NASA takes photo of ‘smiling’ sun. It’s not as cute as it looks.

NASA takes photo of ‘smiling’ sun. It’s not as cute as it looks.


It turns out that everyone who drew a sun with a smiley as a kid has been scientifically proven – somewhat – correct. Last week, NASA’s Solar Dynamics Observatory snapped a photo of the largest object in our solar system that looks like the Stay Puft Marshmallow Man from “Ghostbusters,” the baby-faced “Teletubbies” sun, or a jack-o’-lantern (if you’re not) ‘ again in the Halloween spirit).

But what does it look like? a Scrub Daddy sponge set on fire may not be as cute as it seems. For us here on Earth could produce the solar emoji a beautiful aurora sighting – or it could signal problems for the planet’s telecommunications systems.

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The sun is essentially “the largest nuclear reactor in our solar system,” said Brian Keating, a professor of physics at the University of California at San Diego. Every second, a wave of action takes place in the massive, spinning, glowing ball of hot gas—from the conversion of hydrogen into helium, which releases the same amount of heat as several atomic bombs, to electrical storms and solar quakes.

Some of that solar activity was photographed Wednesday by NASA’s satellite, Keating told The Washington Post.

In the image, the trio of spots that make up the “face” — which can’t be seen with human eyes because they’re in the ultraviolet spectrum — are so-called coronal holes, or slightly cooler parts of the sun’s outer layer, which are usually a temperature of about 10,000 degrees Fahrenheit.

“We’re talking a few hundred degrees, so it’s not like some ski resort,” Keating said. “But because they are so dark and because we look at them in ultraviolet radiation, which the naked eye can’t see, [NASA satellite] sees them as dark holes.”

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The coronal holes are not alone interesting shapes moving around the sun’s surface. They are regions of high magnetic field activity that steadily send solar wind — or a stream of protons, electrons and other particles — out into the universe.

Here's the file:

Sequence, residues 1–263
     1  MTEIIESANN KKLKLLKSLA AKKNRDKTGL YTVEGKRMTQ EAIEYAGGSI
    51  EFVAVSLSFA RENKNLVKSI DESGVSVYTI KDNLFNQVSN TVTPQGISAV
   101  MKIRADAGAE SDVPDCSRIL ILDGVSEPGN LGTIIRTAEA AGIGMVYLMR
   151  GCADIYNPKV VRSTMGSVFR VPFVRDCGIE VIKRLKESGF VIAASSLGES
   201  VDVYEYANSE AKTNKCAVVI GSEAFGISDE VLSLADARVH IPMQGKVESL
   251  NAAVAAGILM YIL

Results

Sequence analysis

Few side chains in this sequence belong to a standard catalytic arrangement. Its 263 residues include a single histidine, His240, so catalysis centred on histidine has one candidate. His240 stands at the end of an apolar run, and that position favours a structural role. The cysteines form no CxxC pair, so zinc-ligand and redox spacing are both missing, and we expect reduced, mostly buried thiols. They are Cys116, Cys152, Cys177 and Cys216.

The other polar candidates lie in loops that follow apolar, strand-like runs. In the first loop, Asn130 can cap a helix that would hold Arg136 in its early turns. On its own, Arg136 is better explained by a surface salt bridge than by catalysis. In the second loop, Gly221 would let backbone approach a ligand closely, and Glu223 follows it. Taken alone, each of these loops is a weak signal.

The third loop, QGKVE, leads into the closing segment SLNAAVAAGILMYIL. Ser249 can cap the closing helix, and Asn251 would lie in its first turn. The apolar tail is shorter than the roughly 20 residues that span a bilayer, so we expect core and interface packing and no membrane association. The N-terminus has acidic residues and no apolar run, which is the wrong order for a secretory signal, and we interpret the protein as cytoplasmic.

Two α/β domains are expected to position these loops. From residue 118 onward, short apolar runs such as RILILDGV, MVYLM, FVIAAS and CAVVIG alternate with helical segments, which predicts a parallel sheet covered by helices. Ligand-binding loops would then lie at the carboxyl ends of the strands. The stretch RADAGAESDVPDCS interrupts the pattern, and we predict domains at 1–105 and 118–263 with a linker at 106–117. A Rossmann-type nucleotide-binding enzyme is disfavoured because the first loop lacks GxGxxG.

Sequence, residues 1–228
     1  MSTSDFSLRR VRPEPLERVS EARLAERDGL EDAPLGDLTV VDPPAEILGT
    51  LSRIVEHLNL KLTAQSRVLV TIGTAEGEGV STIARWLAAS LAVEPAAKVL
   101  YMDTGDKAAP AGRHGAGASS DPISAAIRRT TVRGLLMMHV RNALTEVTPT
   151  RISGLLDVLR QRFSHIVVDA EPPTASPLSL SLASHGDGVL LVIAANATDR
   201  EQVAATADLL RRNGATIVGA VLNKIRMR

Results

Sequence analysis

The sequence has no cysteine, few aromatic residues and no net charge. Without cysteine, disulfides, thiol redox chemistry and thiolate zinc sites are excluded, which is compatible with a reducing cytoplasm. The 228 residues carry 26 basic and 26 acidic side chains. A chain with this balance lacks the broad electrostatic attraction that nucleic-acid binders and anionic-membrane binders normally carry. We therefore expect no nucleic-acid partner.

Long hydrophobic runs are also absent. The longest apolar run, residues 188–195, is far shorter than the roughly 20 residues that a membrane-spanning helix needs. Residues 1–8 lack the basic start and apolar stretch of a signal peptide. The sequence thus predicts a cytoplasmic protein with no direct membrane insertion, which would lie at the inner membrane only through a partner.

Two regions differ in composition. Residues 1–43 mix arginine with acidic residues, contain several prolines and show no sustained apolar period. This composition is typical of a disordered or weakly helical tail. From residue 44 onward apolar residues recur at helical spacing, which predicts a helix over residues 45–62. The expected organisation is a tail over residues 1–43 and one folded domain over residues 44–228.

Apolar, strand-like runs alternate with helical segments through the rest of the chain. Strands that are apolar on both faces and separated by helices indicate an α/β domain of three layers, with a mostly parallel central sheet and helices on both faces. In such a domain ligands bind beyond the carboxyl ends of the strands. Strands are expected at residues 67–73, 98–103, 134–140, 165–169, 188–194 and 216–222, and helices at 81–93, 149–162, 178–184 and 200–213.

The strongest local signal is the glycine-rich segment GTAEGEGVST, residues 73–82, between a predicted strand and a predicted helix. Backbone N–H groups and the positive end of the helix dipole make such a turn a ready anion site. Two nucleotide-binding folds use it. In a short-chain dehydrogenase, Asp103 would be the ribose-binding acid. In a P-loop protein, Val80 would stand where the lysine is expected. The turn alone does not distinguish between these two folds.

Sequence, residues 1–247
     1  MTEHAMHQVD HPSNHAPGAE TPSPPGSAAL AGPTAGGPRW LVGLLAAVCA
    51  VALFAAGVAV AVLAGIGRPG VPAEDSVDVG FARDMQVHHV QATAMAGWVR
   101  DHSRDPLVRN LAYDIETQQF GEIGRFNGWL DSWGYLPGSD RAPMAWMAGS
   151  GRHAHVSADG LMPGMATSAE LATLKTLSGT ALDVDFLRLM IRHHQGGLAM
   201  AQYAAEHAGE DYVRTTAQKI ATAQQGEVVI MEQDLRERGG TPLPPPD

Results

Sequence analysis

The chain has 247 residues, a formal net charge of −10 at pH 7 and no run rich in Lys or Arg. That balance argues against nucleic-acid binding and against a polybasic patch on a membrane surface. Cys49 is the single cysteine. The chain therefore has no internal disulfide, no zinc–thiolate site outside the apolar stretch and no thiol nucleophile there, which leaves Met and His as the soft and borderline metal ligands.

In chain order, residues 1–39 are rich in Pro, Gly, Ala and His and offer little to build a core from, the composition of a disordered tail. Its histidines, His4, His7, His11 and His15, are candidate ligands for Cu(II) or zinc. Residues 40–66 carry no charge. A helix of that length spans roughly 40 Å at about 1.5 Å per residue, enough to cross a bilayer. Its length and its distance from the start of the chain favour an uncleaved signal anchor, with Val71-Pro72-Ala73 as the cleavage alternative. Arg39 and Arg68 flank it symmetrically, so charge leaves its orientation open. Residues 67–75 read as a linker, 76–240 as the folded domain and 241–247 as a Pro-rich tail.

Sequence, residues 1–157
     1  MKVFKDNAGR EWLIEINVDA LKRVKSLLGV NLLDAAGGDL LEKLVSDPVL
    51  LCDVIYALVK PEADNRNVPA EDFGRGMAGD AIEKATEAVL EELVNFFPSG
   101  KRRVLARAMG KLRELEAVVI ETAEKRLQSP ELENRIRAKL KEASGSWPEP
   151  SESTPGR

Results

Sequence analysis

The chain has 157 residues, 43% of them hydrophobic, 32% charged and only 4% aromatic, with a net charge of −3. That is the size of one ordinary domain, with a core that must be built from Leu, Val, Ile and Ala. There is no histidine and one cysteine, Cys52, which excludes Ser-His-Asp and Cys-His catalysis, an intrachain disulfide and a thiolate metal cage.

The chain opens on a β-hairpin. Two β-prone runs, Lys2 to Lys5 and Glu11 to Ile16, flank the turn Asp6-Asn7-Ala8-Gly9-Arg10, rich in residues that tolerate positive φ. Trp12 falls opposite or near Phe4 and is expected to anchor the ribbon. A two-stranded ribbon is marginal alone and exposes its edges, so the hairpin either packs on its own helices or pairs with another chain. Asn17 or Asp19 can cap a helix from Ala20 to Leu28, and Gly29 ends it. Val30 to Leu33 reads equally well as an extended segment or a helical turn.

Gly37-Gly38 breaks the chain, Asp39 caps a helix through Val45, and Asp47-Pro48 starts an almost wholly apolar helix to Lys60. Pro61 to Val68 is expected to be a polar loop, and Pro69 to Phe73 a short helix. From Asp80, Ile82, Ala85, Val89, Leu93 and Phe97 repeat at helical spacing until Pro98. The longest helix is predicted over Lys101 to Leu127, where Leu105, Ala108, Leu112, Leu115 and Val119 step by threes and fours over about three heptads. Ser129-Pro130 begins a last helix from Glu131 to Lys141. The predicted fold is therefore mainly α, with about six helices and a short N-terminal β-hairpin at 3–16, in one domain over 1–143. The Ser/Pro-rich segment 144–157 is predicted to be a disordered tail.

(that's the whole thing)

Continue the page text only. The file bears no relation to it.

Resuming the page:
“More than a smiley face, his eyes are like shiny laser beams that emit particles that can cause serious disturbances to Earth’s atmosphere,” Keating said.

When the particles, which carry electrical charge, enter the planet in small doses, colorful auroras could follow, with brilliant displays caused by the gases of the atmosphere interacting with the sun’s pent-up shoots of energy. The problems come when a huge number of the tiny particles hit the Earth, Keating said. Instead of being sucked into the Earth’s magnetic field, they can be picked up by radio antennas and disrupt radio, television and other communication channels. A severe solar storm can even damage electrical grids and cause power outages, Keating added.

NASA’s Parker Solar Probe flew through the sun’s upper atmosphere on Dec. 14, sampling particles and magnetic fields there. (Video: NASA Goddard)

While pictures of a smiling sun have been taken before – for example in 2013 after “eaten a comet” or in 2014 when NASA called it one “Pumpkin Sun”— the worst-case scenario Keating described hasn’t happened in nearly two centuries. The last intense geomagnetic storm to affect Earth so much was the 1859 Carrington Eventthat set fires at several telegraph stations as auroras popped up in tropical areas.

Such a large-scale event should have happened long ago, he said.

“Scientists expect that on average, with a probability of a few percent, this will happen every year, and we’ve been dodging all those magnetic bullets for so long,” Keating said. “So it can be very scary, and the consequences can be much more dramatic, especially in our technology-dependent society today.”

The sun’s particles from the last smile could reach Earth just in time for the spookiest night of the year.

“There could be something on our way for Halloween night after all,” Keating said. “Pretty creepy, but hopefully not too creepy.”

The National Oceanic and Atmospheric Administration’s Space Weather Forecast Center issued a minor geomagnetic storm that warned on Saturday that conditions could change from “restless” to “active.” The coronal hole flare-ups are expected to continue through Wednesday.

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